Prince Rupert attacked Brentford on November 12th, 1642, while the King was in peace negotiations with Parliament. After a stubborn resistance by Lord Brooke's and Holle's regiments, which were short of "musket, pike or powder", the barricades were stormed by the Royalists, and the parliamentarians forced onto the plain beyond Brentford, where Captain John Lilburne rallied the remnants of both regiments. The Royalists described the two regiments as butchers and dyers playing on their red and purple coats. Some were eventually forced into the Thames River, where many drowned, and Lilburne captured. Both regiments lost over 200 casualties each at Brentford.

The regiment apparently went into winter quarters after Brentford, and in 1643 took part in the siege of Lichfield, where Brooke died. The regiment did not survive long after his death, eventually being disbanded in mid-March. Although officers were retained on half pay, and at least two were sent to Baronett Northcote's Regiment at Plymouth on the 20th and 30th of March, 1643. 

Uniquely, as far as is known, Brooke’s regiment wore purple coats. In September 1642 a regiment carrying purple flags differenced by stars (mullets) marched through Oxford. A student, Anthony Wood, who wrote, witnessed their entry in Oxford on the 27th; "there were 8 or 10 auntient (standard) of them, of a purple colour, with the arms of England and 7 stars in the field. Every auntient had a hundred men under it (i.e. 100 men per company)." This is generally assumed to have been Brooke's due to the use of purple. The colour of stars was not recorded, but likely was white or yellow. "It is unknown but probably unlikely that the Warwick companies were issued any uniform never mind purple ones".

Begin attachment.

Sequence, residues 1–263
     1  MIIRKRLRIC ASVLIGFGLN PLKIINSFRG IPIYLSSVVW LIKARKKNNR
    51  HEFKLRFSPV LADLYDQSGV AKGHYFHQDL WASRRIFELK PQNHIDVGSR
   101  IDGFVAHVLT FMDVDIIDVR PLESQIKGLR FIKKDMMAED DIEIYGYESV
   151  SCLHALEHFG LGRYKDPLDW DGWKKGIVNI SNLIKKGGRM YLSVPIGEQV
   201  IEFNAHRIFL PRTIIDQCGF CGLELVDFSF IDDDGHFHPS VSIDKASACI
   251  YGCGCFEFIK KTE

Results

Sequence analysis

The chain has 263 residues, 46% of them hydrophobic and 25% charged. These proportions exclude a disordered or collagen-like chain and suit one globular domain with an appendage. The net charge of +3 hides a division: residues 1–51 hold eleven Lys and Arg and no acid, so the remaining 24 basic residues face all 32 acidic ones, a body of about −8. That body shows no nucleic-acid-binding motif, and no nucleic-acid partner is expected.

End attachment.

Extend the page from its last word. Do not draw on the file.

NB. Brooke had five sons. The eldest, Francis, succeeded to the title, but dying unmarried was succeeded by his brother Robert Greville, 4th Baron Brooke, who also dying without male issue the title devolved upon his younger brother Fulke, who became 5th Baron Brooke. Fulke happily did his marital duties... 

* He was murdered by one, Ralph Haywood, who believed that he had been cheated in his master's will. Haywood then turned the knife on himself. Greville's physicians treated his wounds by filling them with pig fat rather than disinfecting them, the pig fat turned rancid and infected the wounds, and he died in agony four weeks after the attack. Yikes...

24 figures - Freikorps 15mm - painted April/May 2019


Thursday, May 02, 2019

Sir John Gramson's Regiment of Horse..

The man himself (caught in perhaps one of the
first selfies), while serving in the low countries
By way of a bit of fun..  here's the next regiment to join the Parliamentary ranks.. 

Bawdy, cowardly, and courageous by turns, Sir John (known to his closer acquaintances, and a fair few ladies, as Lee) Gramson was a seventeenth century gentleman who over the course of his lifetime was caught between, and served,  various allegiances, and who at separate times had to either bludgeon, lie, or bed his way out of a number of troubles.